British Prime Minister Boris Johnson’s talent for political escapology will be tested in the coming days as his Conservative party holds its annual conference in the grip of national turmoil induced by Covid-19 and Brexit.
Panic-buying has emptied fuel pumps, and retailers are warning of a bleak Christmas unless the government restores the flow of labour from Europe that it shut down when Britain quit the EU.
The crisis risks undermining themes that Johnson wants to tout at the conference, including “levelling up” economic growth, “Global Britain” after Brexit, and “anti-woke” culture wars.
He is also set to talk up Britain’s action on climate change and the need for global coordination, ahead of hosting the COP26 climate summit in Scotland next month.
The coronavirus pandemic, while hitting Britain disproportionately hard, had masked economic dislocation caused by the EU divorce, and Johnson has weathered the past 18 months of lockdowns well in the polls.
But opposition Labour leader Keir Starmer is catching up, after using his own party conference this week to neuter his party’s left wing and attack Johnson as being a Brexit-obsessed “trickster”.
Veteran Conservative watcher Tim Bale said the return of in-person party conferences this year coincided with “a return to a politics dominated by economics”, rather than Johnson’s preference for bashing Labour over identity politics involving race, history and gender.
“He does seem to be able to extract himself from scrapes on a regular basis,” said Bale, professor of politics at Queen Mary University of London.
“But I think on this one, when it comes to people’s household bills and shortages in the shops, it’s rather harder to portray that things are going to be fine.”
“In addition to the freedom of movement, the UK choosing to leave the single market – that means that the UK decided to rebuild, for the very first time, non-tariff barriers between the EU and the UK. It is a direct and mechanical consequence of Brexit.” https://t.co/bJbQLCC7o3
— Best for Britain (@BestForBritain) September 30, 2021
Starmer’s conference speech met with approval from business leaders, who want to hear promises of bolder action from Johnson, Chancellor Rishi Sunak and other senior Conservatives in Manchester this week.
The conference opens on Sunday with a keynote address from new Foreign Secretary Liz Truss, who in her previous cabinet job went on a global hunt for post-Brexit trade deals. One with the US remains elusive.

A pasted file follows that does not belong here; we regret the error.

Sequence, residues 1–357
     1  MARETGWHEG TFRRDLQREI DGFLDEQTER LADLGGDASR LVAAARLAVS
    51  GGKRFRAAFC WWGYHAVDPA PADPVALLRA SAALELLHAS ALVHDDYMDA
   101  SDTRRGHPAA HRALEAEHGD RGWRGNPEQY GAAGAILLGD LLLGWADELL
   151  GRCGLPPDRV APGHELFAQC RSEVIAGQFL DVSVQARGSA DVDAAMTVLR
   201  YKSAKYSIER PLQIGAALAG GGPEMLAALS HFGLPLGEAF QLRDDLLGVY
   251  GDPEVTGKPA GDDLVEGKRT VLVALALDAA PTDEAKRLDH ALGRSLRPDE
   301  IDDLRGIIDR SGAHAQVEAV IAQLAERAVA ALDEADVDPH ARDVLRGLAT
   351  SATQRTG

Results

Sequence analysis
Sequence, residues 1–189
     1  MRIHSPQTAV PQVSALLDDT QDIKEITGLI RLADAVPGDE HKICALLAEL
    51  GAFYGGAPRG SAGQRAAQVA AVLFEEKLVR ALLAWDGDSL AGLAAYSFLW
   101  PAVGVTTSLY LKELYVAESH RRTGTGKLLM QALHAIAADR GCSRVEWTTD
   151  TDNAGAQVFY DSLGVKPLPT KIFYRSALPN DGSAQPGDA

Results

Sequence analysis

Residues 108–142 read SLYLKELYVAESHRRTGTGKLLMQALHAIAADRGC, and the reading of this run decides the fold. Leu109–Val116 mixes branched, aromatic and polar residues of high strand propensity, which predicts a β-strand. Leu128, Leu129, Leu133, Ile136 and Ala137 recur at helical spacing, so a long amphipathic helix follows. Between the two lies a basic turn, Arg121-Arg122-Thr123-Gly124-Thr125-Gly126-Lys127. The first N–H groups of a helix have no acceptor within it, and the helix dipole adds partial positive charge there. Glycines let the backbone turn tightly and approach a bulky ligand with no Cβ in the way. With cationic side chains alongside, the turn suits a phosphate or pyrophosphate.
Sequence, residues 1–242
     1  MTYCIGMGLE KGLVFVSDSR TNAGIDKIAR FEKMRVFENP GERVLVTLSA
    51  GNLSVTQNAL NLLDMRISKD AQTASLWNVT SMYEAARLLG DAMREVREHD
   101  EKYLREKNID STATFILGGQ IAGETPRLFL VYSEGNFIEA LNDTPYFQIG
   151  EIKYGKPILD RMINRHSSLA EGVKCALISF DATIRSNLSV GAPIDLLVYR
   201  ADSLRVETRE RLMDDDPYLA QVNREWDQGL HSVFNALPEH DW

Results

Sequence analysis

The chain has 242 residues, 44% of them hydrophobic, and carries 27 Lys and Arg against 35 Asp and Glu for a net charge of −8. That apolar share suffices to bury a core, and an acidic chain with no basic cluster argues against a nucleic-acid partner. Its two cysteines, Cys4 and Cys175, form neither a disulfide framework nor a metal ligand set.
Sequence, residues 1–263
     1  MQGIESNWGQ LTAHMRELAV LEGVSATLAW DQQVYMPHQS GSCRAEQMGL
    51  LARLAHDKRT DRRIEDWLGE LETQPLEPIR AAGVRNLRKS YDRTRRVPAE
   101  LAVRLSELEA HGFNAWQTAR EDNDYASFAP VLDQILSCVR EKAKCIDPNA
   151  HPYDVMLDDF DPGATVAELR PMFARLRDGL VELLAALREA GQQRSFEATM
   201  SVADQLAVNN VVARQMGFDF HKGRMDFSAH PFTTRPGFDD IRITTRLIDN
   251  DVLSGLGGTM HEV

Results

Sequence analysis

Come up with the goods
The Confederation of British Industry said the government needed to go beyond its offer of short-term visas for EU truckers, demanding Johnson form a top-level crisis team to confront labour and skills shortages.
“This is now a major threat to our recovery, and the government needs to step up its response to a new level of both speed and boldness,” argued CBI director-general Tony Danker.
Ministers deny that their hard line on Brexit is to blame for widespread shortages of workers in critical sectors, including an estimated shortfall of 100,000 lorry drivers, pointing to the pandemic instead.
Johnson took days to address the crisis after jittery drivers started besieging petrol stations last week, and needs to use his speech on Wednesday to show he understands public concerns while also staying on top of longer-term policy goals.
It is a tricky balance for a politician and former journalist who, down the years, has wowed the Tory faithful with barnstorming performances that were part politics, part comedy act.
When he was running to succeed Theresa May as Conservative leader in 2019, Johnson brandished a plastic-wrapped smoked kipper to decry EU regulations.
EU officials said the packaging requirement had been imposed in London, not Brussels.
Beyond the theatrics, according to Bale, the prime minister needs to frame a coherent programme of government after reshuffling his cabinet last month.
“There’s a recognition that after Brexit, the government needs a rationale and that it is delivering on some of the benefits it promised,” he said.
“It’s acutely aware that especially for former Labour voters, their relationship with the Conservative party is pretty transactional. The party has to come up with the goods.”
AFP with additional input by GVS News Desk